CHENNAI: More than a month after he was caught on camera demanding a bribe, K Sridhar, suspended superintendent of Government Ophthalmic Hospital, Egmore, on Thursday committed suicide by hanging at a friend’s house in Ponneri.
In September, a citizen action group released a video of the doctor demanding bribe of Rs 500 from one of its volunteers, who was partially blind, to issue a disability certificate. The health department later set up a two-member committee to probe the matter.
Dr Sridhar was placed under suspension pending inquiry by Dr Geetha, additional director of medical education and Kilpauk Medical College and Hospital dean Dr P Vasanthamani.
In October, the Directorate of Vigilance and Anti-Corruption launched an inquiry. Sridhar admitted that he used to receive Rs 100 or Rs 200 from beneficiaries while issuing the certificates. DVAC sources said Sridhar was not supposed to collect money from beneficiaries and if any amount was to be collected, it was to be done by Jothi Ramalingam, an assistant in his office.
Sridhar was booked under Prevention of Corruption Act 1988 section 7, 13(2) read with section 13(1(d).
Sridhar’s family and friends advised him to stay away from the city for a while and he had been staying at his friend’s house in Mallivakkam, around 6km from Ponneri, for the last five days. Neighbours say he was rarely seen outside.
When phone calls to him went unanswered on Thursday, his family members asked a few friends nearby to check. They found his body hanging from the ceiling and alerted police who sent it to the Government Hospital in Ponneri for autopsy. A case was registered under CrPC Section 174 (unnatural death).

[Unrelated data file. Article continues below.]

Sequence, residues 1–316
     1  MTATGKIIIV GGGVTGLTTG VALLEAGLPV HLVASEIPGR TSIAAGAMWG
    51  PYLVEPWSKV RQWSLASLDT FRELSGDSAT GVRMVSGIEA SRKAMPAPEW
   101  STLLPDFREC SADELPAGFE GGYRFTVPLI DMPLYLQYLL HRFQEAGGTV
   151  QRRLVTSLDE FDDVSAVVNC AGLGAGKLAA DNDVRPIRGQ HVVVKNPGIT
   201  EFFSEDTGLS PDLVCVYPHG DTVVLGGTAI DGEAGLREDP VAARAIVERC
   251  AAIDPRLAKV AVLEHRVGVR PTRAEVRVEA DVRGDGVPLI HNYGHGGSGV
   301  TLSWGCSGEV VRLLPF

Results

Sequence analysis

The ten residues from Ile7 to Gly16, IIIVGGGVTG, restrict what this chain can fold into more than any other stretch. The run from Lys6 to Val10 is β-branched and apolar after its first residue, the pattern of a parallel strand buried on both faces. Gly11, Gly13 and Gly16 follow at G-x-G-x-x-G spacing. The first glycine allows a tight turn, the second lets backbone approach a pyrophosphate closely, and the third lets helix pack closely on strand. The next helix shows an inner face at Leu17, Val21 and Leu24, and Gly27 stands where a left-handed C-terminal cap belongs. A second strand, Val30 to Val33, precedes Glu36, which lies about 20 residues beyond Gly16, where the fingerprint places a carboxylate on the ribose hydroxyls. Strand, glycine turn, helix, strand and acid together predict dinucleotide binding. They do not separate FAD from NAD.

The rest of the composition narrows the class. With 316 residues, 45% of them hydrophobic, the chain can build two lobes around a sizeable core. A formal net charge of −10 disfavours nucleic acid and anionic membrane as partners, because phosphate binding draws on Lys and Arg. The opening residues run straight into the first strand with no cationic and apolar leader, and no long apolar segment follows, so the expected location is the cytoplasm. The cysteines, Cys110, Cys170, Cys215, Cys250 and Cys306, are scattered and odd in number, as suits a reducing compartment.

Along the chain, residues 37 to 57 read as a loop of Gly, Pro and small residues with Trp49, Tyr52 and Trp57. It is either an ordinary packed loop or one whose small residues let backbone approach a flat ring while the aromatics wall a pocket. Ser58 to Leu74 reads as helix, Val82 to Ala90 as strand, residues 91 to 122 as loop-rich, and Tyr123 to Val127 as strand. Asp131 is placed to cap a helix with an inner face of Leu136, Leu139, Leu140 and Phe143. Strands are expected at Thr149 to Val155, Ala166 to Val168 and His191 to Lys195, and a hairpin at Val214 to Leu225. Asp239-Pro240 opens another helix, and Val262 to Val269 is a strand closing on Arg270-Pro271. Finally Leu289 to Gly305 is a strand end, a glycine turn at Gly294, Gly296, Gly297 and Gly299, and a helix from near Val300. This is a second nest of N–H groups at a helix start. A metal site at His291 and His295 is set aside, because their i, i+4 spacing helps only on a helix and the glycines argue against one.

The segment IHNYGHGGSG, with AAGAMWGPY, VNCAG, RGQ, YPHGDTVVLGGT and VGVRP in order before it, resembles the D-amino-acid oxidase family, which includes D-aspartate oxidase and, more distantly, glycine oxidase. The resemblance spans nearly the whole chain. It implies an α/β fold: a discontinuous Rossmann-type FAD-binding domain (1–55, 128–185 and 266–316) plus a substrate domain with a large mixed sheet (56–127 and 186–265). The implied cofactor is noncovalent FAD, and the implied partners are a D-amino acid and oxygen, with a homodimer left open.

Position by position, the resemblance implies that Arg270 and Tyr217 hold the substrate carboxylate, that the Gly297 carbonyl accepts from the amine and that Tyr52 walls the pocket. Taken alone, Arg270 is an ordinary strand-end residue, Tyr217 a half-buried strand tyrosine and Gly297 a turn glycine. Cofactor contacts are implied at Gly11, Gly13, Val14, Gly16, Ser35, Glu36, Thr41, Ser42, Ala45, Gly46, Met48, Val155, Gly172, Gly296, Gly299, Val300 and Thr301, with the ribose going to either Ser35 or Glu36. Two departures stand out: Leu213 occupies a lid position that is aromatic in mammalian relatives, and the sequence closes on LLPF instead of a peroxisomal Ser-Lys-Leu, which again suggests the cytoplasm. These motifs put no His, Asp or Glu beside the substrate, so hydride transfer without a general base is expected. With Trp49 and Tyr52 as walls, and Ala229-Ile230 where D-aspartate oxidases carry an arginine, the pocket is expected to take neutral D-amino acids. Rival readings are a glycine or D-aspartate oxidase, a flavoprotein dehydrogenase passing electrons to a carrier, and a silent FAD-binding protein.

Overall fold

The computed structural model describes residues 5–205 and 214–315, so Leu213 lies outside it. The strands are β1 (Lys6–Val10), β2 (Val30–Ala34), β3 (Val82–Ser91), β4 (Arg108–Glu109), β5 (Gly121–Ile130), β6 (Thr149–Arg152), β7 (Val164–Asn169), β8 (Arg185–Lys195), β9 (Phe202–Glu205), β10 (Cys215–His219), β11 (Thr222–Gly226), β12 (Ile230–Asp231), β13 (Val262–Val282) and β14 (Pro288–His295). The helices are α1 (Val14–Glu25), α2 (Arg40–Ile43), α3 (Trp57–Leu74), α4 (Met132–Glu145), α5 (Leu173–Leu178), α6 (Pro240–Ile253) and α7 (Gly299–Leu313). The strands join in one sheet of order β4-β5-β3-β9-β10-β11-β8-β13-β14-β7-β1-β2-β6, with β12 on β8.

Senior officials in the health department said the doctor was due for retirement on November 30 when allegations of corruption came to the fore. “He had been in government service for more than two decades. The suspension took a mental toll on him,” said a senior health official, who did not wish to be named. The department said his family would still be entitled to his pension benefits, “whether guilty or not.”
Leading medical ethics body, World Medical Association appointed tainted Indian physician Ketan Desai as its president last week.
Reuters reported that Desai who has previously headed Indian Medical Association delivered his speech at the body’s annual assembly in Taiwan on Friday and is set to serve as the president for the 2016-17 period.
The appointment of Ketan Desai as the president of an ethics body is ironical, as Desai is an accused in corruption cases in India.
Desai’s name was first proposed as a future president in 2009, but was suspended in 2010 after he was jailed as an undertrial in a corruption case. (currently being heard by the Supreme Court).
PTI reported that Kunal Saha, President of People for Better Treatment (PBT), an advocacy group, demanded an intervention following the development sent a legal notice to the MCI and the Union Health Ministry.
He had allegedly taken a bribe of Rs.2 crore from a private medical college in exchange for favours regarding accreditation from Medical Council of India.
It is alleged that Desai along with three others accepted the bribe from Gyan Sagar Medical College in Patiala in exchange of permission to admit a fresh batch of students.
His wife Alka Desai was also charge sheeted by the CBI as a co-conspirator in the case.
In the same year, CBI also alleged that he took another Rs.20 crore as bribe from a Kolkata hospital for sanctioning extension of its academic session.
Apart from these allegations of accepting bribes, he was charged with possessing disproportionate assets by the CBI.
Following Desai’s arrest, the MCI was dissolved by the then President of India Pratibha Patil.
His suspension was lifted in 2013 after the IMA told WMA that charges against Desai were dropped which a Reuters investigation deemed “incorrect”. But the body went on to appoint Desai as its president.